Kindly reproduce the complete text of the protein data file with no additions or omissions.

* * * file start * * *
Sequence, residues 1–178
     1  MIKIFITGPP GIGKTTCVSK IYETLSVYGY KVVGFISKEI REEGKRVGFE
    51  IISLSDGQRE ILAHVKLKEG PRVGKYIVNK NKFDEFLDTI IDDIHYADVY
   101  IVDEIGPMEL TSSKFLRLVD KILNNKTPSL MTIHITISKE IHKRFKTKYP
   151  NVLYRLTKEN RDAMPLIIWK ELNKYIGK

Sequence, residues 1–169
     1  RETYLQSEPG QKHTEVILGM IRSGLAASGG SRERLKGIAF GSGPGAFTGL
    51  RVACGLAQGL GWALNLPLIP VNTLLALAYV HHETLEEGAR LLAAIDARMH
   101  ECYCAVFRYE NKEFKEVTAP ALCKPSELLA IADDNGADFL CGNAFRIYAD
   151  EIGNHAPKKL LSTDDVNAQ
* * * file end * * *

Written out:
Sequence, residues 1–178
     1  MIKIFITGPP GIGKTTCVSK IYETLSVYGY KVVGFISKEI REEGKRVGFE
    51  IISLSDGQRE ILAHVKLKEG PRVGKYIVNK NKFDEFLDTI IDDIHYADVY
   101  IVDEIGPMEL TSSKFLRLVD KILNNKTPSL MTIHITISKE IHKRFKTKYP
   151  NVLYRLTKEN RDAMPLIIWK ELNKYIGK

Sequence, residues 1–169
     1  RETYLQSEPG QKHTEVILGM IRSGLAASGG SRERLKGIAF GSGPGAFTGL
    51  RVACGLAQGL GWALNLPLIP VNTLLALAYV HHETLEEGAR LLAAIDARMH
   101  ECYCAVFRYE NKEFKEVTAP ALCKPSELLA IADDNGADFL CGNAFRIYAD
   151  EIGNHAPKKL LSTDDVNAQ